<p>- candles and matches</p>
<p>- tool kit</p>
<p>- water and nutrition bars</p>
<p>- a wind-up (no batteries needed) flashlight and radio</p>
<p>- a shovel</p>
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<p>City driving doesn't concern me, but our trip up to the cottage is 3 hours.  One quarter is on multi-lane highways, one quarter on secondary highways, and the other half is on back roads.</p>
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<p>Oh, and for heaven's sake, if you are in a region that receives snow throughout the winter,<strong> please get snow tires</strong>. "All season tires" really don't cut it. I am so sick of people who slide around the roads all winter long. </p>
 

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<div class="quote-container" data-huddler-embed="/community/forum/thread/1283312/what-s-in-your-car-for-a-winter-emergency#post_16093905" data-huddler-embed-placeholder="false"><span>Quote:</span>
<div class="quote-block">Originally Posted by <strong>snoopy5386</strong> <a href="/community/forum/thread/1283312/what-s-in-your-car-for-a-winter-emergency#post_16093905"><img alt="View Post" class="inlineimg" src="/img/forum/go_quote.gif"></a><br><br><p>Nothing? But I live in the Mid Atlantic and can't imagine being stuck somewhere for so long that I couldn't just get out of my car and walk to the nearest exit on the highway. What emergencies are you anticipating that you all need this stuff for?</p>
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A few years ago I was driving home in my brand new used car when it suddenly broke down on the side of the toll road. I was probably 10 miles from the nearest exit. It was I think, lightly flurrying, but there was hardly any snow. and since I'd just got the car, I had no emergency gear in it. My heat went out with the car. A state trooper stopped and called a tow truck for me, then left. A snow plow driver in the area checked in every so often and offered to let me warm up in his cab, but I foolishly toughed it out. It was COLD. I was shivering. And I wasn't even there that long, maybe an hour or two from when the car first stopped to when the tow truck got there. If I had been stuck for longer, I would have been in trouble.<br><br>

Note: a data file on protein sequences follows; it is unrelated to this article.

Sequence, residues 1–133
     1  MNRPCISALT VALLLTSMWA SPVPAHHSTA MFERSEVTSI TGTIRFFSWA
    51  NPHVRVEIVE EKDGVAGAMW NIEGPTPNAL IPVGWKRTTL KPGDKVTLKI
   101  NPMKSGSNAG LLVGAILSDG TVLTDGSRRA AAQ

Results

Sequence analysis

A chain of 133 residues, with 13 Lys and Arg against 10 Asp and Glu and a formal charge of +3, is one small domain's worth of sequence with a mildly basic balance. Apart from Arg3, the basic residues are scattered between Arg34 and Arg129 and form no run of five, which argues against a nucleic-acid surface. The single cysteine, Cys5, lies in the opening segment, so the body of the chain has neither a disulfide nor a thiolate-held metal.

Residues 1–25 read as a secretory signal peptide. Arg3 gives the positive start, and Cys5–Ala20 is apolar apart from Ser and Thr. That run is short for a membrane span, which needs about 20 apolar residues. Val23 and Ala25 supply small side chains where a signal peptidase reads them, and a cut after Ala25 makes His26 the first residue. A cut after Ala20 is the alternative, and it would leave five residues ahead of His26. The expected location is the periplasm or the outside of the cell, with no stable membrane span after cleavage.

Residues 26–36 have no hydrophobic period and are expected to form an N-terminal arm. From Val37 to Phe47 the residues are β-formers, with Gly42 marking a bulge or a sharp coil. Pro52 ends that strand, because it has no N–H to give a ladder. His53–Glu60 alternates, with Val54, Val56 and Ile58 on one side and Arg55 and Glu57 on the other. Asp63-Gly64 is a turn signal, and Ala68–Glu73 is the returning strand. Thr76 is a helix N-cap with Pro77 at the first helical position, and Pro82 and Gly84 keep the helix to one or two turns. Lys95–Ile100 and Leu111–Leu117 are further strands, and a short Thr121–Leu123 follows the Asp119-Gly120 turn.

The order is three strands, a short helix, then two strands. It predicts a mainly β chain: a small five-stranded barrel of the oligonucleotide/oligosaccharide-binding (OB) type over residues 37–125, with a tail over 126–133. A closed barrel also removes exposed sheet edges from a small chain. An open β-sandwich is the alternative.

In snowstorms, it can take much longer for emergency help to find you and send help. And around here, people (mostly truckers) still exceed the speed limit in white out blizzards. And you cant walk on the shoulder because there's 3 feet of plowed snow built up there. And thats people stuck on the interstates and highways. Heaven forbid you break down in the country somewhere. You could be there quite awhile, possibly a day or more, depending on the weather and how empty the road is.<br>
 

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<p>colapsable shovel, felt blanket and solar blanket, mitts and hats for everyone.  We also have Bear pillows that are a blanket in a bear head shaped bag.  Water bottles, Granola bars/protein bars, Jumper cables, extra washer fluid, first aid kit, flashlight, multitool.</p>
 

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<br><br><div class="quote-container"><span>Quote:</span>
<div class="quote-block">Originally Posted by <strong>Tigerchild</strong> <a href="/community/forum/thread/1283312/what-s-in-your-car-for-a-winter-emergency#post_16096441"><img alt="View Post" class="inlineimg" src="/community/img/forum/go_quote.gif" style="border:0px solid;"></a><br>
 I don't get why everyone *doesn't* have a little something, to be honest.  :)</div>
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<p>Because I never gave it much thought before!  One thing that I HAVE thought of, and it was the story of the family who got stranded in the snowy wilderness & the dad died walking to get help while the mom breastfed the toddler that made me think "what would I do"..  Hello, <em>please</em> pack a waterproof tinder kit <a href="http://www.campingsurvival.com/emtinkit.html" target="_blank">http://www.campingsurvival.com/emtinkit.html</a>  If I ever got seriously life-threateningly stranded, I would take a tire off of my car and light it on fire.  That is some serious smoke that searchers would see.</p>
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<p>I guess my weekend project will be making a winter car kit :)</p>